Last week I was discussing with a friend about the technologies to use in our next project. We were arguing about the features, performances, pros and cons of Thymeleaf, JSP’s or JSF, among others.

At some point of the discussion, an idea came up, it was about time computing industry actually get industrialized for good, letting a few companies to decide the destiny and future of the technology, cutting the freedom of developing new ways of doing things but allowing standards to settle and grow.

Java’s universe has been expanding since a long time now, and now it seems like that universe is converging again.

Today for example, JSF is a technology used by thousands of companies around the world, is relatively mature, and has many other projects attached to it that also evolves really fast, such as PrimeFaces or RichFaces. But who can guarantee the future of JSF in the future?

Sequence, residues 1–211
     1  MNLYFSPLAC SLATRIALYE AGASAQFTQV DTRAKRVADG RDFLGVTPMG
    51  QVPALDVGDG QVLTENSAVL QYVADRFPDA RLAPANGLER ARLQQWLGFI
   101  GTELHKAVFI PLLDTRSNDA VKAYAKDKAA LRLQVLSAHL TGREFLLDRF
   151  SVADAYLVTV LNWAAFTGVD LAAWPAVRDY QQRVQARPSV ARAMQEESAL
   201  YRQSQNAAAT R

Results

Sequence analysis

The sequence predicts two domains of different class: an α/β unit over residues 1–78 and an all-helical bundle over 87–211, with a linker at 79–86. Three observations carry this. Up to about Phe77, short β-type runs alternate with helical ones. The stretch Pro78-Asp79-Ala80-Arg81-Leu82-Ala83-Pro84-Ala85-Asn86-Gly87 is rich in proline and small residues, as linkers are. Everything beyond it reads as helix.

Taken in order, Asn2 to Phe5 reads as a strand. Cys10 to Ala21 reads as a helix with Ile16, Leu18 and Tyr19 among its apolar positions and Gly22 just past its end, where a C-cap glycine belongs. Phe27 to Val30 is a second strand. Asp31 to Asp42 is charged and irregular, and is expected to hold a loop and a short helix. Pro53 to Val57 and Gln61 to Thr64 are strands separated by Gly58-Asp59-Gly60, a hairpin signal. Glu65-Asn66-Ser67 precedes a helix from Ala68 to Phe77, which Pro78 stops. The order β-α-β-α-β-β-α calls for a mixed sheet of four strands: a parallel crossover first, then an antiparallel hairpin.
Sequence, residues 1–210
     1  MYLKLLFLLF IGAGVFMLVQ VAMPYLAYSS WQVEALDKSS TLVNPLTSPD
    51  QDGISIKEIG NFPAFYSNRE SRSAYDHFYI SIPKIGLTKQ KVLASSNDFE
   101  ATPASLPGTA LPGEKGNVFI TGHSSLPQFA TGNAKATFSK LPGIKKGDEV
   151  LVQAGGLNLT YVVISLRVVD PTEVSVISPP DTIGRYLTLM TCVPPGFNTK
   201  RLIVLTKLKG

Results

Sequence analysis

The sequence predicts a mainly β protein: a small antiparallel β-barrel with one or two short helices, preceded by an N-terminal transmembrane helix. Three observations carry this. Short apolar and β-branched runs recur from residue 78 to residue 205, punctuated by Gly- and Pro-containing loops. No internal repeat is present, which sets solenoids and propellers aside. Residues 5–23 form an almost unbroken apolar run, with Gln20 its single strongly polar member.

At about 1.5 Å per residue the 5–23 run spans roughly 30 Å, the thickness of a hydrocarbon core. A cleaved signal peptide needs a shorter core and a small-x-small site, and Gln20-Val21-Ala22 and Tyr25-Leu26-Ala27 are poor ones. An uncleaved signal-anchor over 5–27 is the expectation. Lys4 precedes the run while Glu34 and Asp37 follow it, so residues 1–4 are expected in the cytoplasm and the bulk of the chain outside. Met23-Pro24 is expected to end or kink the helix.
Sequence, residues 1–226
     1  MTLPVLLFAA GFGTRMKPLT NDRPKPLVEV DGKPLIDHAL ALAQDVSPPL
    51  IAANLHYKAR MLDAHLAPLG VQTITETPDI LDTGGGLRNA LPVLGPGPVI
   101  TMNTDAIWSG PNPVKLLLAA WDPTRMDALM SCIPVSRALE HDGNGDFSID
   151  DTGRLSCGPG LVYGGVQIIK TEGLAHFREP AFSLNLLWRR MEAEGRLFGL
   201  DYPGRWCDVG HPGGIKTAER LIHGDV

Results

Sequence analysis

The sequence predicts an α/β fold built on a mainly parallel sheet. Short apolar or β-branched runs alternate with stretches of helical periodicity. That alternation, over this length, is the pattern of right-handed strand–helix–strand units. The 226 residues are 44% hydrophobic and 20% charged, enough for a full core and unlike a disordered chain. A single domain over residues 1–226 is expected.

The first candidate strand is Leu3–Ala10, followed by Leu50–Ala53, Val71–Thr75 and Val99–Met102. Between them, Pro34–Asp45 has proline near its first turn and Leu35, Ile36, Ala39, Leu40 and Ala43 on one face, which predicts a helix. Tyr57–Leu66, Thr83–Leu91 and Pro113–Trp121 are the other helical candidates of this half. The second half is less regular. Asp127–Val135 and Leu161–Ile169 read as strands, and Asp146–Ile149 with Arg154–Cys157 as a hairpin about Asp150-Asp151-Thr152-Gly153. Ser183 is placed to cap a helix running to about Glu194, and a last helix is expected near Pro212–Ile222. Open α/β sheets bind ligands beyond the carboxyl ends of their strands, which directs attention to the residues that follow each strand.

And when I say future, I only talk about 3-5 years. Java has already released a spec to eventually adopt MVC as a standard pattern. Someone may think this move would make JSF to eventually die in the mid-future. In Java, there are several companies that vote each spec of the language, companies like Hewlett-Packard, IBM, RedHat or Oracle. In this case, my friend was convinced that the way to go should be to ‘shutdown’ technologies like Spring or Hibernate, and let those companies to decide the future of java. In this case, it would assure the ‘industrialization’ of the technology since we will always know at any given time what the present and future of the technology is.

In the other hand, at least in the java world, is a fact that technologies like Hibernate or Spring have been moving faster and better than java itself, creating better projects and products, that later java has been taking into account and adopted.

Also .Net core has been released as open source last November ‘14, so even in Redmond’s company values the opportunity given by the fact that a whole community can operate and expand .Net universe and allow others to develop new ideas.

In my opinion, I think Java won’t quit this idea anytime soon, and projects will continue growing and/or dying, and from that evolution java will improved in following releases, and so will .Net. But the task of deciding which technologies to use in projects that need a certain evolution in time is becoming more and more difficult if this expansion never ends.